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Low Volume Gas-Flow Seeding For Highly Resolved Velocimetry Of The Boundary Layer

Christoph Möller, Christopher Geschwindner, Andreas Dreizler

Technical University of Darmstadt, Department of Mechanical Engineering, Reactive Flows and Diagnostics, Darmstadt, Germany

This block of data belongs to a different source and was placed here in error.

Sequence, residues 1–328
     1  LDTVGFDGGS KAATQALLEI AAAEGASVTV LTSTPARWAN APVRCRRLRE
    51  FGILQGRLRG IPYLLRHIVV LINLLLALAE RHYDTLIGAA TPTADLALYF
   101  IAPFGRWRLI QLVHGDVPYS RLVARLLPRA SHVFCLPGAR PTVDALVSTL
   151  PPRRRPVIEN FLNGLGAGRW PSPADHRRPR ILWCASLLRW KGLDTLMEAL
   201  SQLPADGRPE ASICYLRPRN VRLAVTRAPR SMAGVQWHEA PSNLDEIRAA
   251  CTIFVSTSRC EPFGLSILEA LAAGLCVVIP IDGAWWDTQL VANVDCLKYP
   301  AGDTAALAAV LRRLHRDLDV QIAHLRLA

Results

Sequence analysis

Ensuring fire safety in polymeric materials, which are inherently flammable but widely used in various industries, is of significant societal and economic importance. This study is part of a broader effort to understand polymer combustion and flame retardant effectiveness at a fundamental level. A major focus is the behavior of polymers burning along a vertical wall, a configuration chosen to study the release of flammable gases during pyrolysis, which contributes to the self-sustaining combustion reaction of a fire. This process occurs predominantly near the polymer surface within the boundary layer, requiring detailed analysis to evaluate flame retardant effectiveness. Our experimental setup replicates polymer pyrolysis using a flame-wall interaction burner with a vertical jet and a small inlet to mimic the release of flammable gases. The primary challenge in this setup is the introduction of seeding particles for Particle Image Velocimetry (PIV) measurements at low volume flow rates, which is complicated by reflections from the wall and the small flow scale relative to the main flow. To address this problem, we have developed a novel piezo-based ultrasonic seeder capable of controlled seeding at extremely low flow rates, thereby improving the accuracy of PIV measurements in non-reactive configurations. This seeder uses a piezo ring to excite a perforated metal membrane, forming uniform aerosol droplets. The design ensures a steady supply of particles, which is critical for evaluating boundary layer conditions. Our results demonstrate the seeder’s ability to maintain sufficient seeding density in the low volume flow region, facilitating detailed velocimetry analysis. The innovative seeder design proves effective in overcoming the limitations of conventional methods and provides new insights into polymer combustion processes and the role of flame retardants.

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